Also like the national Congress under the Articles, the Confederate government had serious financial troubles throughout the war because few states paid their fair share. The central government even had trouble keeping the Confederacy together during the war: in 1861, Unionists in western regions of Virginia seceded from the Confederacy and then rejoined the Union as the new state of West Virginia two years later.
The Richmond government did manage to pass the Conscription Act of 1862 to draft young men in all the Confederate states into the national army. As Richmond got more desperate for troops, the draft was extended to middle-aged men as well. The law, like the North’s law, was biased against poorer Southerners in favor of the elite. Wealthy planters and landowners were exempt from the draft, as were overseers and anyone else whose job was vital to maintaining control over the slaves. As a result, the army was filled with farmers and landless whites, many of them disgruntled. Blacks were excluded from military service.
One of the Confederacy’s most pressing goals during the war was to secure international recognition from Europe and enter a military alliance with Britain. International recognition would legitimize the Confederacy and justify its cause. An alliance with Britain would break the Union blockade of Southern ports and supply the Confederacy with arms and badly needed manufactured goods.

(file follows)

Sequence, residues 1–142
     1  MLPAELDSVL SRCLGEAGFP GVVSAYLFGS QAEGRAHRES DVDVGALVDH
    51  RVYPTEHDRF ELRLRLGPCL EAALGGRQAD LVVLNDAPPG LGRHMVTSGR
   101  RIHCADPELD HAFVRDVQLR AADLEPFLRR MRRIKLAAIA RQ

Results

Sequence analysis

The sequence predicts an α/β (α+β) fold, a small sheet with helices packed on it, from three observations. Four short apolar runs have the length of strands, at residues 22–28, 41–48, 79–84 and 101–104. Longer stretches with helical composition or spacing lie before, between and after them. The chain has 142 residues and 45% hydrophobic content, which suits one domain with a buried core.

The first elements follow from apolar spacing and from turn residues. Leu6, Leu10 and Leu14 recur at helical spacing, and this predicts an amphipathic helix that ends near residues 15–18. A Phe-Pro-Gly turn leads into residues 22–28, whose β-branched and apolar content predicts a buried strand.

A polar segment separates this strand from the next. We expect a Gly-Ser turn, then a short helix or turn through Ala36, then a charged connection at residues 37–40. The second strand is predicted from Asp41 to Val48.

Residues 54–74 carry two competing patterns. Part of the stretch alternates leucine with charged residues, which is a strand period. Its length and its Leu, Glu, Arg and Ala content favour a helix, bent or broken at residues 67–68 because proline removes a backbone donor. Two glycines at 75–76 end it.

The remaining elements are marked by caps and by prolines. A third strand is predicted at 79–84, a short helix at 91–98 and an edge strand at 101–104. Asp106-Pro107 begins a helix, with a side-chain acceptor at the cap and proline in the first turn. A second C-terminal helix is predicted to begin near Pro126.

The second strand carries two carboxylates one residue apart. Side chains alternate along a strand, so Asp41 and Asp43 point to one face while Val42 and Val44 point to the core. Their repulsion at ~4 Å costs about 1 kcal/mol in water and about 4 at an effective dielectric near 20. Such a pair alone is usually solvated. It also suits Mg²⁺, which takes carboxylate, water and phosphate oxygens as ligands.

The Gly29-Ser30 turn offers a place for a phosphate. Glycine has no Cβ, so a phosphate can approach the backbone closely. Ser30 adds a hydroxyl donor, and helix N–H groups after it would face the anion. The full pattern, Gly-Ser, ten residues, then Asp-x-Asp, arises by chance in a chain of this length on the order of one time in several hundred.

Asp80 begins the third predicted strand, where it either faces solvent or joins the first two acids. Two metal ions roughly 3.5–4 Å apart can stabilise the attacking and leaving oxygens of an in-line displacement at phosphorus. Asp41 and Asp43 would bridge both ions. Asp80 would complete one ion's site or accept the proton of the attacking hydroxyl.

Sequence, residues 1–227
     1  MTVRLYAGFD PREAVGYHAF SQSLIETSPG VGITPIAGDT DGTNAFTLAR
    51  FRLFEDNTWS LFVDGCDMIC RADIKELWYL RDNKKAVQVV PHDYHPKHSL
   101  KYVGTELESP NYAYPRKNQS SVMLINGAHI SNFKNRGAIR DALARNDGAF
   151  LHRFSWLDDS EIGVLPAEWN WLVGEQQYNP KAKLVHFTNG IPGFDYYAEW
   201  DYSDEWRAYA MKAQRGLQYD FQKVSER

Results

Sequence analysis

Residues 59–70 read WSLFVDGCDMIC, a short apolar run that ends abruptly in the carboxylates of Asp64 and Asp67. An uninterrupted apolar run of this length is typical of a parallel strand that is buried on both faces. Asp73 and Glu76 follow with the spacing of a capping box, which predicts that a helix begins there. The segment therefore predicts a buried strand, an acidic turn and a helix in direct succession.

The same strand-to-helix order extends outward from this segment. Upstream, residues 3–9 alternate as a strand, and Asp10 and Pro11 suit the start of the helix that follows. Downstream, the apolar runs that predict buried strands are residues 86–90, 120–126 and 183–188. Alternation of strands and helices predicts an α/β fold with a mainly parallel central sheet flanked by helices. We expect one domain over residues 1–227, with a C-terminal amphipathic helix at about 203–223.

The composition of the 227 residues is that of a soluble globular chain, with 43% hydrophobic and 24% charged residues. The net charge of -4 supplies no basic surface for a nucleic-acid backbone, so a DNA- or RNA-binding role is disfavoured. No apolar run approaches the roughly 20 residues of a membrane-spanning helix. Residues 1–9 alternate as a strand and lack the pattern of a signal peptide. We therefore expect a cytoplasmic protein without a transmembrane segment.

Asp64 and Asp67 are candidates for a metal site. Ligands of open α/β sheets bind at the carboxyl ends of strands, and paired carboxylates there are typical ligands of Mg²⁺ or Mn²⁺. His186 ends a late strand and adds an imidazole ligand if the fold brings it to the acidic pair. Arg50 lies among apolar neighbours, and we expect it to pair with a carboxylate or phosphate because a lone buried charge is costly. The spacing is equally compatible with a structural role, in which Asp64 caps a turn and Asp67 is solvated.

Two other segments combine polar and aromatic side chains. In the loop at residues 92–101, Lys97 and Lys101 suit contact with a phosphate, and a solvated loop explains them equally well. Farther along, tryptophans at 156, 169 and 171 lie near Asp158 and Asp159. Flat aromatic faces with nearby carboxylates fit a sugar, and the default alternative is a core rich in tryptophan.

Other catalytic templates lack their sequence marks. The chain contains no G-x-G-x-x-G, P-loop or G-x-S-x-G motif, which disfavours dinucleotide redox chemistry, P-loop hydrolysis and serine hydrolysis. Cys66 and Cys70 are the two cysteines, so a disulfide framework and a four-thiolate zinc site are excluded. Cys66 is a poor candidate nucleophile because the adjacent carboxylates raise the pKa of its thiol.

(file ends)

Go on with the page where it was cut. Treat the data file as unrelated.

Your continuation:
At the war’s outset, Confederate policymakers banked on recognition and an alliance because they believed Britain was very dependent on Southern cotton. Planters in the Confederacy provided 75 percent of the cotton that British textile manufacturers consumed.
Indeed, Britain allowed Southern ships to use its ports and even built Confederate warships, such as the Alabama, which sank more than sixty Union ships on the high seas. British shipbuilders also agreed to build two ironclad warships with Laird rams, which the Confederates could use to pierce the hulls of enemy ships.
Unfortunately for the South, however, Davis was never able to parlay this British assistance into a formal recognition or alliance. First, the Confederate government had overestimated Britain’s cotton dependence. Although most of Britain’s cotton came from the South, it became clear that British textile manufacturers had bought from the South only because it was cheaper. As a result, though the Union blockade of Southern ports temporarily hurt the British textile industry, the industry bounced back quickly after switching to cotton suppliers from Egypt and India.